In a new feature, Billboard analyzed sales after the introduction of variable pricing and found that unit sales had slightly decreased but overall spending at retail and net revenue to labels had increased.

While total track sales dropped about 5% in the six-week period following the switch, the top 200 tracks had dropped 8.5% while the top 40 tracks fell 10.8%. Even so, selling those amounts of units is fine given 30% increase in retail price.

But, publishers are not in the same boat as record labels. They receive a fixed mechanical royalty for each track sold. If the statutory rate is paid, it is 9.1 cents per track. (The statutory rate paid for tracks five minutes or less is 9.1 cents. For longer tracks, the statutory rate is 1.75 cents per minute or fraction thereof over five minutes.) When the unit sales of tracks decline, publishers' revenue from the sale of those tracks declines an equal amount.

In the ten weeks since the switch to variable pricing, the weekly average of track sales has declined 5.8% (versus the average for the six prior weeks). At the full statutory rate, that comes out to a loss of $114,250 per week, or $5.94 million per year. That's not an astronomical sum given the total size of the market, but it's lost revenue that is taken straight out of publishers' bottom lines.

In an average situation, publishers would collect about 10% less in mechanical royalties for a hit song. Billboard analysis shows a 10.8% drop in unit sales for the top 40 songs over a period of six weeks after the switch to variable pricing. For a hit song, that kind of decline would result in a modest loss of mechanical royalties. Using this example, a track that would have sold two million units at $0.99 will sell about 1.78 million units at $1.29. Assuming the label pays the full 9.1 cents, that sales drop represents a $20,000 decline in mechanical royalties.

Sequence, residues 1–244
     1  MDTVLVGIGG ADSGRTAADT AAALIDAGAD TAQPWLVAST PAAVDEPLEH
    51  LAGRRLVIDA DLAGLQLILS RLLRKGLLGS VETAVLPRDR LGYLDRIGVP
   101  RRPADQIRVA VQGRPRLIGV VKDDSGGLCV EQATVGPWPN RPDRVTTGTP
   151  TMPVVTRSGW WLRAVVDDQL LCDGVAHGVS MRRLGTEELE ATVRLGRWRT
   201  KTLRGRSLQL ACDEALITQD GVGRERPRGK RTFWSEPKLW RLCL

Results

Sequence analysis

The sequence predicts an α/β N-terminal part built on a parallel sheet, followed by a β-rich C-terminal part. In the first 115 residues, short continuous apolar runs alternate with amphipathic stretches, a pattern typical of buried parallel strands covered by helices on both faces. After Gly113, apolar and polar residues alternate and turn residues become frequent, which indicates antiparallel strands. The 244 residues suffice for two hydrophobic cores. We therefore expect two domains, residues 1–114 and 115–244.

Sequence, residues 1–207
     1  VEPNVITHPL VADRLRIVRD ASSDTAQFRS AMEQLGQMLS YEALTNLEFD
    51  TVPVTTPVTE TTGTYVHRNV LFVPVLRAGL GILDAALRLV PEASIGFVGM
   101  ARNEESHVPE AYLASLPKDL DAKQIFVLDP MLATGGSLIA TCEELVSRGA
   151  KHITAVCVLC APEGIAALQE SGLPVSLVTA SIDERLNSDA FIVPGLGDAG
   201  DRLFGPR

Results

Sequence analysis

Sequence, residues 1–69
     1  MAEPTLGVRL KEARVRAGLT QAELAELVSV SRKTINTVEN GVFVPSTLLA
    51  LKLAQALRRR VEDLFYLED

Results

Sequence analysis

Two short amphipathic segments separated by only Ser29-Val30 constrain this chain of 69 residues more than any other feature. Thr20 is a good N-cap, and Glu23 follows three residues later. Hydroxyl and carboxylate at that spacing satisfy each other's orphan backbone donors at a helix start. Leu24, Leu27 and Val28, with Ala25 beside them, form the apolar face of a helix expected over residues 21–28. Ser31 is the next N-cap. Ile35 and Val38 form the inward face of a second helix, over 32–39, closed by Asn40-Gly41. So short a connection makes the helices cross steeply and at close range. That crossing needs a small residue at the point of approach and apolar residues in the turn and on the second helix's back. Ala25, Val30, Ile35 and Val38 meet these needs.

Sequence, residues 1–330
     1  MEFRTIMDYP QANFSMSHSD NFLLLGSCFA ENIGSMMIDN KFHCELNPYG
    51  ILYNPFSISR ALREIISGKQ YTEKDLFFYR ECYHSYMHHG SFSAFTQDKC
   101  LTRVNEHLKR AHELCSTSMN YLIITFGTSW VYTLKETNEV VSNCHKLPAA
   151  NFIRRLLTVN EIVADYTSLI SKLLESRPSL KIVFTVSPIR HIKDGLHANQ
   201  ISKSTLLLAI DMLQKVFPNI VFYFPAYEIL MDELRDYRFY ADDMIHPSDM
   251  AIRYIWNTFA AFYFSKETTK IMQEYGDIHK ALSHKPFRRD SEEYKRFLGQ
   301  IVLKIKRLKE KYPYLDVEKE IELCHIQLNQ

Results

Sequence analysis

Again, these numbers are based on Billboard analysis of a brief period of time after variable pricing was introduced. They are offered for illustrative purposes to show how the two content owners - of sound recordings and compositions - are affected by changes in sales volumes and per-track pricing.

Labels say they have lowered prices on more tracks than they have raised prices. But the songs that are priced at 69 cents are slow-moving titles. An uptick would be beneficial for publishers. If there has been any uptick in sales of those titles, Billboard has not noticed. And as has already been pointed out, total track sales - not only sales of the top 40 tracks - are down since the switch to variable pricing.

In many cases, the publishers' loss and the record labels' gain may cancel each other out. All four major music groups, the ones with the hit songs most likely to have a higher price, own both recorded music and publishing assets. One company's loss is a gain for another company under the same ownership. In some cases, the net effect for the parent company may be a wash. Although the transfer of revenue may be in balance at the corporate level, a publishing division has its own performance expectations that would not take into account the gains made in the recorded music division.

Outside of the majors, companies stand to lose from lower unit sales of track downloads. An independent publisher is exposed to the pricing strategies of record labels if it has current hits in its catalog. The most popular songs tend to carry the higher price, and their unit sales are sure to be lower than if they carried a lower price.

A difference in recorded music and publishing market shares could spell trouble. If a company has more hit songs in publishing than in recorded music, it loses more on the publishing end than it saves on the record label end. On the other hand, a company with a greater market share in recorded music than publishing will save more from payments of mechanicals more than it loses in mechanicals received. Of the four major music groups, EMI stands out as one obvious example of an imbalance - at least on a global level. EMI's global share of recorded music was 9.6% in 2008, according to figures released last month by Informa, while its publishing division had an estimated 18.3% global market share.